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The Time Has Come for Comprehensive Assisted Living Reform

Starting with the Propublica/Frontline series “Life and Death in Assisted Living” on July 29, deadly problems with assisted living facilities and the way they are overseen by the state have been exposed in several prominent media stories this year. The Propublica/Frontline collaboration initially focused on the Emeritus Corporation, the nation’s (and California’s) largest provider of assisted living housing. In investigating a number of horrible deaths in Emeritus facilities, the reporters found that a combination of profit-driven efforts to fill every bed with residents and undertrained staff to take care of them make a tragic mix.


The San Diego Union-Tribune and the Center for Heath Reporting issued a three-part series on deadly neglect in California assisted living facilities that exposed several deaths due to abuse or neglect. This series focused on the broken regulatory enforcement system that overlooks crimes against residents, is rife with bribery, and generally does not protect residents. The Center for Investigative Reporting also focused on problems with Community Care Licensing’s (CCL - a division of the state Department of Social Services that licenses and regulates assisted living facilities) investigation of abuse and neglect cases, even those involving deaths. This report found that up to 900 cases may have been closed by CCL staff, without any real investigation, to reduce their workload.


Most recently, a dramatic facility closure crisis in Castro Valley has demonstrated that CCL has abdicated its job as a consumer protection agency. The facility, Valley Springs, was owned and operated by a woman who had two other facilities that had been in severe financial and regulatory trouble. One of the facilities, Eden Manor in Oakland, had been on the brink of collapse in February 2013 with no heat, no food, and a building in foreclosure. The facility was ultimately saved when a new owner came in. Valley Springs was itself on the brink of collapse in October when CCL issued a three-day temporary suspension order. Unfortunately, CCL did not make plans for the safety of the residents and when the facility caregivers stopped coming to work, 19 residents were left under the 24-hour care of a single cook and housekeeper for three days until a 911 call led to a facility evacuation.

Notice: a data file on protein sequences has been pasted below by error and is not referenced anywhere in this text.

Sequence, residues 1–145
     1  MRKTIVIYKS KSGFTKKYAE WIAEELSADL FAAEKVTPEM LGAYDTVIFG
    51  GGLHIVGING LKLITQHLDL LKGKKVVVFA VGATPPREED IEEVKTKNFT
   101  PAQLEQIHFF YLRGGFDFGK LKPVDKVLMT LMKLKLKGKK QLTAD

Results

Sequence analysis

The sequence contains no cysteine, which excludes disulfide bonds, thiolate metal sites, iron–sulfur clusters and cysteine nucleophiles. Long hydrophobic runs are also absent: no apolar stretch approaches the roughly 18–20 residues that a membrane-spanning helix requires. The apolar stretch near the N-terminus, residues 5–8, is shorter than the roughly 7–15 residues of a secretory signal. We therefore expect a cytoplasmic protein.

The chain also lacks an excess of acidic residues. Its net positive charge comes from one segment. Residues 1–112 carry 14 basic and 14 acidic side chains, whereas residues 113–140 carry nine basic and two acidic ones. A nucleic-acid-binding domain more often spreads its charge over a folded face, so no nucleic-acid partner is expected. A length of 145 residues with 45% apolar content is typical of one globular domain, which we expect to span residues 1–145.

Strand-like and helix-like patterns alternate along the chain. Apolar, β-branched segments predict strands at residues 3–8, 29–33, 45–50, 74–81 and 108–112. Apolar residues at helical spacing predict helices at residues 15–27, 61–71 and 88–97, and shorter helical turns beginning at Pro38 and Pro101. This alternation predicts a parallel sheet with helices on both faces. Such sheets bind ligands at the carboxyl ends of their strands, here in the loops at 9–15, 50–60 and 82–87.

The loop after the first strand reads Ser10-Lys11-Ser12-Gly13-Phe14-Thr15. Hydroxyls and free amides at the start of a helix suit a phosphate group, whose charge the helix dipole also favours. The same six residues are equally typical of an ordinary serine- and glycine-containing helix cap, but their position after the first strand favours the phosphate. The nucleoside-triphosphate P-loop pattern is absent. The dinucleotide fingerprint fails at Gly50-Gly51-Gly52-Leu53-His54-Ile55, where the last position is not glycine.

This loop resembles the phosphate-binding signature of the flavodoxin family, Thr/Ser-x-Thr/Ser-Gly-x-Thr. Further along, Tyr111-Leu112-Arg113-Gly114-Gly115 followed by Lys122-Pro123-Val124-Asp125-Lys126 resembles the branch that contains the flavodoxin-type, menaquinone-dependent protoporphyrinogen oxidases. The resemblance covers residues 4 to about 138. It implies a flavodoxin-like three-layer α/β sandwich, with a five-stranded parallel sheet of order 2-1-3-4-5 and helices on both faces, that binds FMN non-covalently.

Problems in assisted living facilities and lax oversight by CCL is nothing new, but the surge in media attention reflects an industry and an agency that are increasingly failing the ever sicker and more vulnerable residents for whom they are supposed to care. To highlight the major problem areas and suggest statewide solutions, CANHR recently released a white paper entitled “Residential Care in California: Unsafe, Unregulated & Unaccountable.” You can read the report at http://canhr.org/temp/Residential_Care_in_California.pdf. The report calls for, among other things, a new model of care that recognizes the increased health needs of the typical assisted living resident, increased inspections, and more enforcement. See this issue’s RCFE Corner for more details about our recommendations.


The increased attention on assisted living has caught the eyes of members of the California legislature. A legislative hearing on assisted living is tentatively set for February 11, and we expect there will be several bills aimed at reform in 2014. CANHR will be focused on reform efforts and ensuring residents are protected from abuse, neglect, and violations of their rights, but we will need your help. Stay tuned for more news about assisted living reform and how you can participate in the effort. And send us your stories about your experiences with RCFE/Assisted Living care in California.